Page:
“I’d love to see a copy of this book in every primary school in the UK. I can see so many educational and emotional benefits from reading it with and to children.”
“It’s difficult to convey what a triumph I think Jacob Starke Loves the Dark is. It’s a wonderful book and I cannot recommend it highly enough. Just buy it!”
If you would like to follow Linda’s advice, you can buy Jacob Starke Loves the Dark here.
It’s so exciting to be reminded that words and pictures created in my tiny office on the Isle of Wight can be read and appreciated by people living thousands of miles away.
I have been forwarded an email from a mum living in Canada, thanking her English friend for sending her daughter three of my books:
Ms. Peta Rainford’s stories and illustrations captivated her imagination. I appreciate Ms. Rainford’s gift in distilling the world of children through her characters and at the same time making her tales appealing to grown-ups reading the books.
All of Ms. Rainford’s characters resonated with my little one. In a way, she’s similar to Isabella and the Hairy Fairy who has such a big and kind heart. H.Fairy also dances to the beat of her own drum. When we first read Isabella, Rotten Speller, Malaya was incensed that the black cat was mean to Isabella and “sabotaged” her magic. She protested to the injustice with this rhetorical question: “Why was the black cat mean to Isabella? She didn’t do anything mean to the black cat!” Jacob’s fear of the darkness is familiar to M as well. It was only in the past year she has made the “darkness her friend” …
Anyhow, please extend Malaya’s and my appreciation of Ms. Rainford’s work! We thoroughly enjoyed it.
If you are a far-flung reader, please get in touch – I’d love to hear from you!
Nothing like a rhyming headline to perk me up in the morning – especially when it heralds the good news that a number of National Parks – Brecon Beacons, Exmoor and North York Moors – are now stocking my new rhyming picture book,Jacob Starke Loves the Darkin their shops. Woo hoo!
The reason for this, of course, is that Jacob Starke Loves the Darkis all about the dangers of light pollution and the importance of Dark Skies, and the National Parks that are stocking my book are all known for their exceptionally beautiful Dark Skies.
Exmoor National Park (where I lived for a number of years, and once walked into a hedge when trying to get home from my next door neighbour’s house at night without a torch, so I know how dark it is) and Brecon Beacons National Park are both designated as International Dark Sky Reserves, which means they have an exceptional quality of starry nights and a nocturnal environment that is specifically protected for its scientific, natural, educational, cultural, heritage and/or public enjoyment. North York Moors National Park has Dark Skies Discovery Sites at Danby and Sutton Bank National Park Centres plus Scarborough & Ryedale Astronomical Society Observatories in Dalby Forest.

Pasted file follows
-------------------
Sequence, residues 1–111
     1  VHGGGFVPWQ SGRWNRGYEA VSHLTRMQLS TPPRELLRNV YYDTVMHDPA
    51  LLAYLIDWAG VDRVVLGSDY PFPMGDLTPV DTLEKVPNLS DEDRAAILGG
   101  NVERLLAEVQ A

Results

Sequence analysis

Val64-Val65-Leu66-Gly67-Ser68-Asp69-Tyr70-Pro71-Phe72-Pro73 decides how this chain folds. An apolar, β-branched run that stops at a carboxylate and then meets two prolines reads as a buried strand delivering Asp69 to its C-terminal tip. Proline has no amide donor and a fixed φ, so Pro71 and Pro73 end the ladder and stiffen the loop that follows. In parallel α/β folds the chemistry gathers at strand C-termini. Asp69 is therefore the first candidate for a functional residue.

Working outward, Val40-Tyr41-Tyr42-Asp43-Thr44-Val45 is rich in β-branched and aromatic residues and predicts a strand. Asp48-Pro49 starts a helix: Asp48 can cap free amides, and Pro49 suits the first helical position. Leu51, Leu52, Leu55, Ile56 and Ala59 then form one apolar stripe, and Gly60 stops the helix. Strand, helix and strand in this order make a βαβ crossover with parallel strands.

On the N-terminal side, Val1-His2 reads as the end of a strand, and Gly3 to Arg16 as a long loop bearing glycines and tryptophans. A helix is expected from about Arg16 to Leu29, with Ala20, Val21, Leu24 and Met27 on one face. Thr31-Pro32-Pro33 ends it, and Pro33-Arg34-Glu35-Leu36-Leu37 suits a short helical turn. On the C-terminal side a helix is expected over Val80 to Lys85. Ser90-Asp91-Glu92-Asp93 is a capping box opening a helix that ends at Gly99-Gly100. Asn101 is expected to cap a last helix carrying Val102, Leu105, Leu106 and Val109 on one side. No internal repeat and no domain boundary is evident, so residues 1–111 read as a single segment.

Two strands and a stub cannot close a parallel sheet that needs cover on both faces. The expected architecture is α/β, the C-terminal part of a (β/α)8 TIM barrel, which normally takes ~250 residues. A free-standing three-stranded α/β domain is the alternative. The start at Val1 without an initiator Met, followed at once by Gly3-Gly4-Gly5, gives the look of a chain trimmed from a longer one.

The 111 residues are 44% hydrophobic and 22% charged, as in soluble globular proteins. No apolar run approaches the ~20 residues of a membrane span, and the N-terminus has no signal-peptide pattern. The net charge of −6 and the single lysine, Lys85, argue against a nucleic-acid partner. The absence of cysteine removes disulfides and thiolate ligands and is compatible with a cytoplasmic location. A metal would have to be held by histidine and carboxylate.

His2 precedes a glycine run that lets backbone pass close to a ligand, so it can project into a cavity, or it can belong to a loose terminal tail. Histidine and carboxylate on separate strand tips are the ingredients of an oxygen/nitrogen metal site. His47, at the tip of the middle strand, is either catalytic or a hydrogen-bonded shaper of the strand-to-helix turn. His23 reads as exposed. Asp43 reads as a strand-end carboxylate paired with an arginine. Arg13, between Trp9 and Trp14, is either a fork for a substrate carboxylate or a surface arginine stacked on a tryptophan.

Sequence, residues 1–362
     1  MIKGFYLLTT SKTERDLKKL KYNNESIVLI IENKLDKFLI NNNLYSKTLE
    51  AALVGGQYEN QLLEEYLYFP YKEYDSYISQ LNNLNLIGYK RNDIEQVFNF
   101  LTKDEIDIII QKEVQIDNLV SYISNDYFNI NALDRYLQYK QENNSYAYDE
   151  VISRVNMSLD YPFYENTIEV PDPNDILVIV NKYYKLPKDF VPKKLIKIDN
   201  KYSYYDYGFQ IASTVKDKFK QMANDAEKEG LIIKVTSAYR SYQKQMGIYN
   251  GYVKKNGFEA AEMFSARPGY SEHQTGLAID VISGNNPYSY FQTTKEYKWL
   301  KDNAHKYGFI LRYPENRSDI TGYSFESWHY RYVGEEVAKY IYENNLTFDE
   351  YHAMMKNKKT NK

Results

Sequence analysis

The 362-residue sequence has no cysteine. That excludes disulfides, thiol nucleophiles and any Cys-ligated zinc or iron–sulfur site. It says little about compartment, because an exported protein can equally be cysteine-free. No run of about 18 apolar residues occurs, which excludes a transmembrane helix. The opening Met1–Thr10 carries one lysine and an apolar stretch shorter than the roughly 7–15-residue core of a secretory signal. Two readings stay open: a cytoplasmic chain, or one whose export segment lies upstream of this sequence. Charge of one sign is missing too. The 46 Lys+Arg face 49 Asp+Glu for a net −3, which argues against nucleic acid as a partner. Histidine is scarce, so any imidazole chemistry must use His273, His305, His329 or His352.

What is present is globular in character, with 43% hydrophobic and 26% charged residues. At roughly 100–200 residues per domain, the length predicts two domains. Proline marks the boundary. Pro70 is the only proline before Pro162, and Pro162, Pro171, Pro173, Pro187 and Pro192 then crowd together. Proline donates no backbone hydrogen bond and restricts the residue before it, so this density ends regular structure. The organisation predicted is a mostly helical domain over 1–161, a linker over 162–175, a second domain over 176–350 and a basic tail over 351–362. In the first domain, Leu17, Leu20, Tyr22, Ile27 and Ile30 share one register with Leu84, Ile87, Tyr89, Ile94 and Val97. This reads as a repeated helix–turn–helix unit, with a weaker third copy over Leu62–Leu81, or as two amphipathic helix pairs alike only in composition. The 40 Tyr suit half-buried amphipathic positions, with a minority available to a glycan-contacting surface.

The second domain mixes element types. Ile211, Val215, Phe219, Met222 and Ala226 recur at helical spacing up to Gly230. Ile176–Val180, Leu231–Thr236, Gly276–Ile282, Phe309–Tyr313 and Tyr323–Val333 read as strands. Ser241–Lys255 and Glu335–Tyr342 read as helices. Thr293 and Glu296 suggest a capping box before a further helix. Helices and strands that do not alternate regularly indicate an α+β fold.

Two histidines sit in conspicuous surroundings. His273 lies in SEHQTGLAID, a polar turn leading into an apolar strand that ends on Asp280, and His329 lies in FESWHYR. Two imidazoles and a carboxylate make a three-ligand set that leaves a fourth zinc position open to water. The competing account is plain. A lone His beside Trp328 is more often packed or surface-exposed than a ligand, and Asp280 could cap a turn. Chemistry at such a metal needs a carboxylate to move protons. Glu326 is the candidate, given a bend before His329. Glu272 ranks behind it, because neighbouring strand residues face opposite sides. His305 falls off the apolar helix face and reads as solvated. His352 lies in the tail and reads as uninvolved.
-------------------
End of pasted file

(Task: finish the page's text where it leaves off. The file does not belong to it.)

So exciting to think that my book might encourage children to look at the stars from our National Parks.
I have been so thrilled by the lovely Amazon reviews I’ve received for Jacob Starke Loves The Dark so far. After months and months of working on a book all alone, it’s such a relief when you finally publish and find that people not only ‘get’ but actually love it!
Jacob is afraid of the dark. Every night he goes into all the rooms in his home and switches on the lights. He even wears a light on his head to bed. One night the lights all go out, including the one on his head. He is in total darkness, that’s when the night shows him it is nothing to be scared of and why the dark is important as much as the light.
The book is just beautiful, both the rhyming words and the illustrations. It is exceptionally engaging and I’m sure that children will not only enjoy a fab story they will also learn a lot too about what the dark does and why nature needs it.
For any child that is afraid of the dark, this book is a must. It will reassure them in a relaxing manner and make them understand that there is nothing to fear.
Coming back to the illustrations, these have been drawn with so much love and care. I especially love the night scenes with their black backgrounds and colours that really stand out.
This book is truly wonderful. It has short sentences and as it rhymes, young children who are just learning to read will find this easy to follow. It would work perfectly as a bedtime read to ease those woes about the dark.